Zack was a much better everyman than Keffer; Gropos was his only episode where Keffer got to grow at all. I still love the line from the teaser of Fall of Night after he messes up the training exercise... I knew at that moment what would happen on first viewing.
Zack was a better "everyman" character because he was written to be. Think of the interesting plot lines that involved him.

I honestly don't see why Keffer couldn't have taken Zack's story line. As others have said, JMS always kept his plans flexible, with many alternates available.

But somehow Zach just wouldn't have worked in that roll, would he? But I did like Keffer in "Gropos". I think it does show that if JMS did know what to do with him, he would have done well.

And if Monty Python knew what to do with their female cast... /forums/images/icons/rolleyes.gif
yeah, Lou Welch wasn't bad, quite similar to Zack. I though Welch's demise in the Centauri trillogy was a bit of a dissapointment, but i guess he wasn't a main character so its ok.
talking of people in the credits who were barely in any eps, I wish Na'Toth had been captured in "Chrysalis" by the Centauri instead of Mary Kay Adams coming in in s2. ok, sure, it probably wasn't possible because Caitlin Brown hadn't decided she wasn't returning or whatever, but hypothetically it would have been better.

It would have added to G'Kar's character I think, particularly if it was his fault or something. Anyway, as I understand it MKA also couldn't handle the prostheitcs so wanted out. Could she not have decided this before she started? Not that I'm blaming her. I never like the same character played by two (or more) different actors. Also, I dont think it was mentioned on screen what actually happened to Na'Toth until that s5 episode. She just dissapeared after s2, no?
Hm, I don't think MKA had a problem with prosthetics - IIRC, it was more that JMS didn't really like the way she chose to portray Na'Toth since it was rather different from Julie Caitlin Brown's Na'Toth. So she just quietly disappeared.

I think the only mention of her before S5 was in And the Rock Cried Out... - just enough to let us know she had been captured.
ok then, JMS didn't like the way MKA portrayed Na'Toth, I think I agree. Anyway, I think its allways better to write the character out than replace them with a different actor. I'm sure there are several reasons why it was not possible in this case though, but still it would be better if Brown's Na'toth just quietly dissapeared instead of bringing in MKA. Just my opinion.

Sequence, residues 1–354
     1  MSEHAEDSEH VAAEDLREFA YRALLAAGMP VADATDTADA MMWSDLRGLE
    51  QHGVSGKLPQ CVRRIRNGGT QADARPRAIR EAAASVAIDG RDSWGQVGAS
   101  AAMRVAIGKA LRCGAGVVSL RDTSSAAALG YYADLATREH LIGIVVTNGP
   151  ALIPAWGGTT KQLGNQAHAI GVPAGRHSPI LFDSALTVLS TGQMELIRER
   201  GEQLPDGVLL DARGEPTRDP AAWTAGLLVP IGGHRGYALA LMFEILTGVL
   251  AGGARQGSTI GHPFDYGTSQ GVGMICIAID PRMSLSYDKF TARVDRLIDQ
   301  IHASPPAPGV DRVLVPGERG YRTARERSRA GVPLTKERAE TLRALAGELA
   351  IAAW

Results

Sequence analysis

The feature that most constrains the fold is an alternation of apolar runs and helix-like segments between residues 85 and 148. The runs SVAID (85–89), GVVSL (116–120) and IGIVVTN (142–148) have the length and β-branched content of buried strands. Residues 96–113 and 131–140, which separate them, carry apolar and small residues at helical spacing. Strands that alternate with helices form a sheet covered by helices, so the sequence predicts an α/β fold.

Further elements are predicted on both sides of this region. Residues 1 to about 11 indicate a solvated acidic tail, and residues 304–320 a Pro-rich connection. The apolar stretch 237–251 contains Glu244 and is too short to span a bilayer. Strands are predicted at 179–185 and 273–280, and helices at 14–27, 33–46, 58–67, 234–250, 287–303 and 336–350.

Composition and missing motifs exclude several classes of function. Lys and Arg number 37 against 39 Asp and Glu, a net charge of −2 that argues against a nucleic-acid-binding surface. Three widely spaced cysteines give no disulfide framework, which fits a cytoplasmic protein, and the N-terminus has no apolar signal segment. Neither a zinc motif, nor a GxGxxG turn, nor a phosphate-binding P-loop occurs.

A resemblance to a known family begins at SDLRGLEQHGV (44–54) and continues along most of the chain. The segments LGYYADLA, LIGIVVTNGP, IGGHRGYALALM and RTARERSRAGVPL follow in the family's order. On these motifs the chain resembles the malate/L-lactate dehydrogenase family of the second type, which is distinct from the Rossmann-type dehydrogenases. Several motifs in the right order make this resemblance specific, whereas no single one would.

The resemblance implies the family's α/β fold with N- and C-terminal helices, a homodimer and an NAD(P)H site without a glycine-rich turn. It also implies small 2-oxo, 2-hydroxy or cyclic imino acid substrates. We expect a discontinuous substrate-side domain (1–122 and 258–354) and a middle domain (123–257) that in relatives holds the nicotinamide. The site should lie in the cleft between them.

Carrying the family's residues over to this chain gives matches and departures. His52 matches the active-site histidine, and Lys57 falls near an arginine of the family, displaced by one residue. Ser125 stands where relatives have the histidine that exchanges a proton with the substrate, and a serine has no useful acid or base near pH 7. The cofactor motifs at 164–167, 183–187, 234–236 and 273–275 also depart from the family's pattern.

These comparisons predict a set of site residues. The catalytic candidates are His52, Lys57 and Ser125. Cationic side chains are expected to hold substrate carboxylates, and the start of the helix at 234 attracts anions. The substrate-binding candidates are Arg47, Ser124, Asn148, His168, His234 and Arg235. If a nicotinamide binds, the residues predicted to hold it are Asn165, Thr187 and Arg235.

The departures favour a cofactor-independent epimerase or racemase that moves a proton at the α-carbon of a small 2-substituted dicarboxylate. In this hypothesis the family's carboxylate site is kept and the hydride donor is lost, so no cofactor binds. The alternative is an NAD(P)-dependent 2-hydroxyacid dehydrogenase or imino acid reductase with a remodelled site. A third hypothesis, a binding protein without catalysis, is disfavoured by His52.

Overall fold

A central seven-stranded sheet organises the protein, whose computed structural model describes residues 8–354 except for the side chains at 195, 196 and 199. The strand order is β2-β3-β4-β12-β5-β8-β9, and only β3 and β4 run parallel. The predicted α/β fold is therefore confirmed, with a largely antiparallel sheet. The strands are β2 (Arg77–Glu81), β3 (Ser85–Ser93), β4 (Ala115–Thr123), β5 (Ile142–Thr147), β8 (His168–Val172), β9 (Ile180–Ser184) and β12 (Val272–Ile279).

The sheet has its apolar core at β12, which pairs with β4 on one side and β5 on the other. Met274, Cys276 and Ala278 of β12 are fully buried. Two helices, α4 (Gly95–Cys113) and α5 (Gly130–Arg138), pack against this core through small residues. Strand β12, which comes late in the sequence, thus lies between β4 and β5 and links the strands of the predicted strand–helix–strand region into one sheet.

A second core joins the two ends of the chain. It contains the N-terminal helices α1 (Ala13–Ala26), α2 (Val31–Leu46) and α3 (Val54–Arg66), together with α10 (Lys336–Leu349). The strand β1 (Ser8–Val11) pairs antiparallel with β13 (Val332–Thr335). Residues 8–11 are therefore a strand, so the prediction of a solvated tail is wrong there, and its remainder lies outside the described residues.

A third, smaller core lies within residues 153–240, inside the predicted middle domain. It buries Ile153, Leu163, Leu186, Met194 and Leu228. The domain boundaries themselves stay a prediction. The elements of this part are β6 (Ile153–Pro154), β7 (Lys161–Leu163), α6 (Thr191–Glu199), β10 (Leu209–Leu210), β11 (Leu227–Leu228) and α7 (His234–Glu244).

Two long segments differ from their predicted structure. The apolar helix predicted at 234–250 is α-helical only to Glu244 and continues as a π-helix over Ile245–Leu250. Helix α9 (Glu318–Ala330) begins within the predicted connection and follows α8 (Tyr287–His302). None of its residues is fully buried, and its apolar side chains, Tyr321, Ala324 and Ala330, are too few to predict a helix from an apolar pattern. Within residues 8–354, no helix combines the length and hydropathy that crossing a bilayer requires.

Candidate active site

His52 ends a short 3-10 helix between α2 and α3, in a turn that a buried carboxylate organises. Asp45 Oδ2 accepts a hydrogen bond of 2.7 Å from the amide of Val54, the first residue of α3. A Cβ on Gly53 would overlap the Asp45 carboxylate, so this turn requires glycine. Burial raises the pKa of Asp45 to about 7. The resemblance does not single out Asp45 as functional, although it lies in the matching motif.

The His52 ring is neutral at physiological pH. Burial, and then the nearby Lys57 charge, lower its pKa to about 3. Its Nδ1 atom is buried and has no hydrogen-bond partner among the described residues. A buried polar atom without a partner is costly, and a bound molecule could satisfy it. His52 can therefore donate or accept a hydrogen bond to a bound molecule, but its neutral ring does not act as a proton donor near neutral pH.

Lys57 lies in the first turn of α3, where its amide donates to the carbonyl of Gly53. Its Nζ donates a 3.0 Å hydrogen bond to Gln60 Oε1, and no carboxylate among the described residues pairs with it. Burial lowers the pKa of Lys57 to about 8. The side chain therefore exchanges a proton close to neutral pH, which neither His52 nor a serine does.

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But it is interesting to note that when JMS was struggling with what to do about Sinclair as S2 approached (since he had realized that having the commander have a close, personal connection to the Shadows was too much to sustain)


Sinclair had a close, personal connection to the Shadows? Do you mean the Minbari, or am I missing something?
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Sinclair had a close, personal connection to the Shadows? Do you mean the Minbari, or am I missing something?


No, Sinclair didn't have a close, personal connection to the Shadows. That was JMS's problem.

Whoever took the lead against the Shadows beginning in S2 would have to have such a connection, for dramatic reasons. All of Sinclair's story up to that point tied him to the Minbari. As JMS prepared the heat up the Shadow War in S2, he looked for ways to connect Sinclair to it. (He probably had some rough ideas in his outline.) But everything he considered seemed forced and contrived. He finally decided it would simply be too much for Sinclair to have the destiny already laid out for him (and already much-hinted at in the show) and be the military and political hero of the final Shadow War. That's when he started casting about for some other character who could handle that aspect of the arc, considering and rejecting both Garibaldi and Keffer. He finally came up with a character "like Sheridan", who would ally himself to Sinclair and handle that aspect of the story. When the decision was taken to replace Sinclair this character was re-written so that he could be the station commander and a man of destiny as well. Aspects of the "original" commander arc were now divide between Sinclair and Sheridan.